7. Make sure your slave nodes are connected and have one of the Rocks kernel CDs (the one you first booted with) inserted. Boot them all now, and you'll see them appear on the screen as they connect to the master node. The CD only needs to be in the drive a matter of seconds in order to load the PXE boot system (for network booting). Most modern-day motherboards actually have support for this built in, and even the CDs are unnecessary, but these specific computers are just old enough to require them. Make sure the CDs are then removed, since the installation program will automatically reboot the computers afterwards (and we don't want them installing in an infinite loop). You can also use disposable floppies instead of CDs, which can easily be generated at The downside of using floppy disks is that they can usually only hold one set of network card drivers at a time, so if you have a many slaves all using different network cards, you'll have to make many unique boot disks. A CD, however, can hold all of the network card drivers supported by Linux.
  8. Each slave entry should contain an empty "( )", which will be replaced by "(*)" when the node properly requests its kickstart file. When all of the nodes have done this, press F10 to exit the insert-ethers program.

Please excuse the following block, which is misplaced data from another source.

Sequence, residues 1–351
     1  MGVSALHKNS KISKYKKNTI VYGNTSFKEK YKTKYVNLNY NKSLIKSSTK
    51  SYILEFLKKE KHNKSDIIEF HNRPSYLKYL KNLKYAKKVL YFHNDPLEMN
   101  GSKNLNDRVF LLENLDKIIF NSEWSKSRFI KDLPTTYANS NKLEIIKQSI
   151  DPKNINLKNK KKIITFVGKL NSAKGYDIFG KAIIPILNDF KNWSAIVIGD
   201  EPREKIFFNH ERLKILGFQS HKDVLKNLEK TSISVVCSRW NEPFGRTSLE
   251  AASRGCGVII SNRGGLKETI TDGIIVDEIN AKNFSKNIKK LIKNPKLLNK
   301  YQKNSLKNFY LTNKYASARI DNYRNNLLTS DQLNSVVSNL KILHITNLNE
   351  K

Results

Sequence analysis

9. Each node will do a full installation and then reboot.
What's happening: When each slave boots, it accesses the network and searches for the master node. The master then sends an entire Linux distribution over to the slave to be installed. This makes the slaves easier to maintain, since you can easily swap nodes in and out with replacements, which are automatically installed and configured without any help from you.

Part 3: Checking Your Cluster Status

Rocks doesn't use bproc like Clustermatic, so you can't use bpstat, but it has an incredibly powerful web interface. We'll configure and boot into X so that we can properly view this.

  1. While logged in as root, run "system-config-display" in order to initially set up your X config file.
  2. Using the mouse (finally!), set the resolution to 1024x768 and the color depth to "Millions of Colors," and click "OK."
  3. Back at the root prompt, run "startx" to actually start your X session.
  4. Once X boots, start Firefox by navigating to "Applications > Internet > Firefox Web Browser." Its homepage should default to "http://localhost/," so it should already display the Rocks web interface.
  5. Feel free to explore the menus of the web interface. You can generate graphs, check the health of your cluster, and view job submissions to the SGE queue. Most of these entries will be blank now, but you can watch the "Cluster Status (Ganglia)" page to see when your nodes are fully up. A listing of each individual node and its status is at the bottom of the page.
  6. For the rest of the activities, you can either stay in X and use a virtual terminal (Right-click on the Desktop, "Open Terminal"), or log out of X (Actions > Log Out) to return back to your console session.

See Also

Rocks web site (